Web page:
Posts for tag: Immunizations
The importance of immunizations
Childhood immunizations are one of the most important safeguards against communicable diseases and their serious, long-term complications. Your pediatrician closely adheres to the vaccination schedules published by the American Academy of Pediatrics (AAP) and the Centers for Disease Control and Prevention (CDC). Why? Well, there's nothing more important than your youngster's health and well-being, and immunizations effectively guard them.
Just what is an immunization?
Most immunizations are given as "shots," or injections, but some, such as the Rotavirus vaccine, are oral medications. However administered, vaccines boost your child's immune system in its battle against diseases which easily spread from person to person.
Each vaccine contains a small amount of a killed or weakened micro-organisms. These altered viruses or bacteria raise the body's defenses against a particular illness such as chicken pox. pneumonia, polio, tetanus, and more...up to 14 in all by time your child is two years old, says the CDC.
Are immunizations necessary?
Your pediatrician, his or her colleagues and decades of research prove that vaccines protect the health of individual children and of the community at large. Also called herd immunity, community immunity works best when as many babies and youngsters receive all their "shots" on schedule. Community immunity protects youngsters who cannot receive vaccines because of cancer treatment, HIV infection or other serious reason. It also shields the general population when people travel from countries which cannot provide access to these important medications.
Both the AAP and the CDC publish and recommend set vaccine schedules carried out at well-baby and well-child visits at the doctor's office. In addition, there is a "catch-up" schedule for children who have begun their immunizations late or had them interrupted by illness or other serious concern.
Your pediatrician's services
They're so important. Your child's doctor keeps your child's immunization records and can distribute them to schools, camps, college, sports, daycare and other organizations who require proof of up-to-date vaccines. The doctor also monitors your child for any adverse reactions, although typically, vaccines produce no more than:
- Localized redness and soreness at the injection site
- Low grade fever
- Pain and swelling
Immunizations are an essential part of well-child care. Proper immunizations protect the health of the individual child and protect all children in the community as a whole. Many parents have concerns about immunizations, and may choose to not immunize their children, but it is important to fully understand each immunization. As a parent, you are encouraged to talk to your pediatrician for more information on proper immunization scheduling for your child.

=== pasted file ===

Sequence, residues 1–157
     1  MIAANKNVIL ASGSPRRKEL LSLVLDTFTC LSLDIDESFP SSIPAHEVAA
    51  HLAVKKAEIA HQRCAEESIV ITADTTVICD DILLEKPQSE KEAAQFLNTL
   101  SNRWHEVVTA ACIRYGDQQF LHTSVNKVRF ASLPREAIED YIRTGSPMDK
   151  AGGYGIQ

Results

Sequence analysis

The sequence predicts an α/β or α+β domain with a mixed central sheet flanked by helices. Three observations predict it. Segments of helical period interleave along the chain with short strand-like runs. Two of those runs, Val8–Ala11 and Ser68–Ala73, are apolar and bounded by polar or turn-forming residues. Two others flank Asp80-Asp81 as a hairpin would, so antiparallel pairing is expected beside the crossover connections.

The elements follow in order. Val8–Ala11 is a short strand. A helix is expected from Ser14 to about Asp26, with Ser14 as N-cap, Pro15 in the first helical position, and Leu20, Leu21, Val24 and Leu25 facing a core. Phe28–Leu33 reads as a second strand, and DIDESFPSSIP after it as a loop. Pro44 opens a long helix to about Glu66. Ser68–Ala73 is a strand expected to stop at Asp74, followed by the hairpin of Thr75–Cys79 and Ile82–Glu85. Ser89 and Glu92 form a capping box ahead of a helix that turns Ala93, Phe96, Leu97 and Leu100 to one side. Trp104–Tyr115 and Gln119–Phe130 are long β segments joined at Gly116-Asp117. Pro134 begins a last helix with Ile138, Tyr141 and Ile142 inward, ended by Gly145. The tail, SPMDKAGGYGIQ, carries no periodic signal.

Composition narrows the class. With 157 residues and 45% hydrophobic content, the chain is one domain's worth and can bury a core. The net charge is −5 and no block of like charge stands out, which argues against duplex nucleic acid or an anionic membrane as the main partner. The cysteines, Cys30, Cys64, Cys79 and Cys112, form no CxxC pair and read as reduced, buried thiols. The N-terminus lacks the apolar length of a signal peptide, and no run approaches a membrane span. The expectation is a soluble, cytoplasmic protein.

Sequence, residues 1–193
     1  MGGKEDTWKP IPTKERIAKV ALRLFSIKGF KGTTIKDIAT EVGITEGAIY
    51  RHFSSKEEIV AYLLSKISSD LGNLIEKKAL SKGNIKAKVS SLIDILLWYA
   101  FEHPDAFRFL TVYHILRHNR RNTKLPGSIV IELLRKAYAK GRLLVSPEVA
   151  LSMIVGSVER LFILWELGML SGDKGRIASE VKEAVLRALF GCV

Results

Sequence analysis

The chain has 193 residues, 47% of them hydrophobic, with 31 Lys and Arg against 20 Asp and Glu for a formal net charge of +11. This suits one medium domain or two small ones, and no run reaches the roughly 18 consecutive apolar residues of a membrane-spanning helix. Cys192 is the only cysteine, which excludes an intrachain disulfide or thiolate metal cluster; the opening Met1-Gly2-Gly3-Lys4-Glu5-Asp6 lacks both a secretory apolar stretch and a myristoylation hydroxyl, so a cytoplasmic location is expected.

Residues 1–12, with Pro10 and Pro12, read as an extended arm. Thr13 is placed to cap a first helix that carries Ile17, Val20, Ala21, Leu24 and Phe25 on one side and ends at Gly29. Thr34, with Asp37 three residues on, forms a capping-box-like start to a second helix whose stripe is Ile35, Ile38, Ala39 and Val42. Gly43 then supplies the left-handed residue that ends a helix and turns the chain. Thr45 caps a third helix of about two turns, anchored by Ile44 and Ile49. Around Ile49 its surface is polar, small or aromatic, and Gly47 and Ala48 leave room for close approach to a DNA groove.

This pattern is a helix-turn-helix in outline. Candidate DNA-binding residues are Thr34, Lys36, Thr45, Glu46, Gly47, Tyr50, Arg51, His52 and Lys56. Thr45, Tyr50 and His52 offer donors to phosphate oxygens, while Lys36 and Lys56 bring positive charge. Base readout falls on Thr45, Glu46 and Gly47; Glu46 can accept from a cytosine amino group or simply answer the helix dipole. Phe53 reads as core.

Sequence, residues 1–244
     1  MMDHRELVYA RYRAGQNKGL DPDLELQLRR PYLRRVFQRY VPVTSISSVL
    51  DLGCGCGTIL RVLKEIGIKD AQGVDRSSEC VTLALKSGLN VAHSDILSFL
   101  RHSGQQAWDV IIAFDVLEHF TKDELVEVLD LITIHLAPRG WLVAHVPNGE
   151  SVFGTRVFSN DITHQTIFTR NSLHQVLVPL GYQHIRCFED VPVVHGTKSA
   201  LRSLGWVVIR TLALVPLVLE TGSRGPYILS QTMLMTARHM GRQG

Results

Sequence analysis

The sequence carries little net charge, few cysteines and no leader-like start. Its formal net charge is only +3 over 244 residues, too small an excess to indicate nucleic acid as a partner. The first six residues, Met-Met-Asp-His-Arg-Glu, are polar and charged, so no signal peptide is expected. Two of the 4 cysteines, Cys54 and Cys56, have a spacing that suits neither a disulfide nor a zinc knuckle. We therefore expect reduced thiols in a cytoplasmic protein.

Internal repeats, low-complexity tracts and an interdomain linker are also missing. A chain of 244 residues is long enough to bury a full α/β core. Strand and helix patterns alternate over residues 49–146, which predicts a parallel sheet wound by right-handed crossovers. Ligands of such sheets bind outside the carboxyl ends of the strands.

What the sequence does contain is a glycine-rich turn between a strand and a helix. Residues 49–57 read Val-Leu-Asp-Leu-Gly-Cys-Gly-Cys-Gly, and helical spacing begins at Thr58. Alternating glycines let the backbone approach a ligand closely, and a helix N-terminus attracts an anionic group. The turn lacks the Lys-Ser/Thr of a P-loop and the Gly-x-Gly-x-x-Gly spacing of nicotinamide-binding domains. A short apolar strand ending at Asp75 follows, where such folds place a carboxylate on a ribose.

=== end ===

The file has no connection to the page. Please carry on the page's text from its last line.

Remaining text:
Immunizations for Teenagers and Young Adults
Many parents only think of vaccines as something needed for infants and young children, and that they are less important later in life. However, teenagers and young adults often get a number of vaccine-preventable diseases, including hepatitis B, measles, German measles and chickenpox. Teens and young adults need protection against infectious illnesses as well.
Teenagers are encouraged to see their pediatrician or other physician on a regular basis and should keep an updated record of their immunizations. Many will need more vaccinations as teenagers, particularly if they have not been previously vaccinated against hepatitis B or chickenpox. Important vaccines for your teenager include:
- Measles-mumps-rubella (MMR)
- Tetanus-diptheria-acellular pertussis (Tdap) or tetanus-diptheria (Td) booster
- Hepatitis A
As a responsible parent, it is important for you to be fully informed on the vaccines offered for your child. If you have any questions or concerns, you can talk with your pediatrician.
Despite all of the research supporting the effectiveness of immunizations, many parents still question the safety of vaccines for their little ones. Will they protect my infant from serious disease? Or are the vaccines themselves harmful?
Immunization is one of the best ways parents can protect their babies from serious childhood diseases ranging from tetanus and mumps to whooping cough and seasonal flu—and have been for more than 50 years. In fact, vaccinations have reduced the number of infections from vaccine-preventable diseases by more than 90%!
Both the American Academy of Pediatrics and the Centers for Disease Control and Prevention recommends that every child receive the protection that immunization provides.
Do vaccines even work?
Yes, vaccines work every year to protect millions of children from serious illnesses. Because infants are particularly vulnerable to infectious diseases, if an unvaccinated baby is exposed to a certain germ, the baby’s body may not be strong enough to fight the disease. Therefore it is very important that parents take the necessary steps to ward off harmful complications through immunization.
Are there side effects?
As with any medication, side effects can occur with vaccines. These side effects are usually very minor and include redness or tenderness at the injection site or a low fever, which indicates that the body is reacting positively to the vaccine. Most babies do not experience any side effects from vaccines, and severe reactions are very rare.
Parents have the power to protect their baby from serious illnesses. Deciding not to vaccinate your child could put him at risk for life-threatening childhood diseases. If you have questions about immunization, talk with your pediatrician. You can also visit the sites listed below for additional information and updated immunization schedules.
American Academy of Pediatrics
Food and Drug Administration
Centers for Disease Control and Prevention
National Network for Immunization Information